We also should do a better job of defining what is within the purview of Title IV. All too often, Title IV is postured as a means of addressing sexual misconduct, since references to Title IV are incorporated into diocesan sexual misconduct prevention materials. This creates the impression – often even among diocesan staff – that Title IV’s main purpose is to address sexual misconduct. As a result, adjudicatories often will jump all over claims that a clergyperson had an affair, all the while ignoring the clergyperson who engages in other, equally troubling behavior, including workplace harassment, bullying, emotional abuse or relational abuse. It is also worth noting that at least one diocese has no reference to Title IV at all on its website—hardly helpful for someone struggling to deal with clergy misconduct.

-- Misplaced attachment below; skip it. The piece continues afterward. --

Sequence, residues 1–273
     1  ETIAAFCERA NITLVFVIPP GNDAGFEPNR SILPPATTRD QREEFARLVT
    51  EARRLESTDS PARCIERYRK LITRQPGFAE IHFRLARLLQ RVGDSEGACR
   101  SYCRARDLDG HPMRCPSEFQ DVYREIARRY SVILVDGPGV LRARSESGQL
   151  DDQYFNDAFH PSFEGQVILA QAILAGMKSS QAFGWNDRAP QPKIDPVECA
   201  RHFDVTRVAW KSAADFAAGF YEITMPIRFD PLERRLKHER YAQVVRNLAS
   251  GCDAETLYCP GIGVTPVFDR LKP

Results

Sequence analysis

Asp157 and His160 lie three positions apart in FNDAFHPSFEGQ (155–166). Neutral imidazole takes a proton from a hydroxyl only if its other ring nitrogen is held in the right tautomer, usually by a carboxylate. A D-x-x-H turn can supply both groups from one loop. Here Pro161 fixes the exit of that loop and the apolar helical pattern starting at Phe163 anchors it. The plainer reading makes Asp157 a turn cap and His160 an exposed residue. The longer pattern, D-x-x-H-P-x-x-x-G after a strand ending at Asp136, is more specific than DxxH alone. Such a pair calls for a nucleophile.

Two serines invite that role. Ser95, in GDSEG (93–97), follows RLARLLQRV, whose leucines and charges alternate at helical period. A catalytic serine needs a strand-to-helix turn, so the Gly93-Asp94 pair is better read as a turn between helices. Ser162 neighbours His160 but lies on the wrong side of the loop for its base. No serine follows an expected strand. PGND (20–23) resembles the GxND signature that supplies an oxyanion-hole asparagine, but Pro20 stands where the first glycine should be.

In conclusion, my belief is that the analogy to the Maginot Line is valuable. At first glance, Title IV appears to be a formidable defense against clergy misconduct, but the reality is that clergy and adjudicatories alike can, with great ease, sidestep Title IV when it so suits them. Thus, like the Maginot Line, Title IV all too often is illusory in the protections it offers.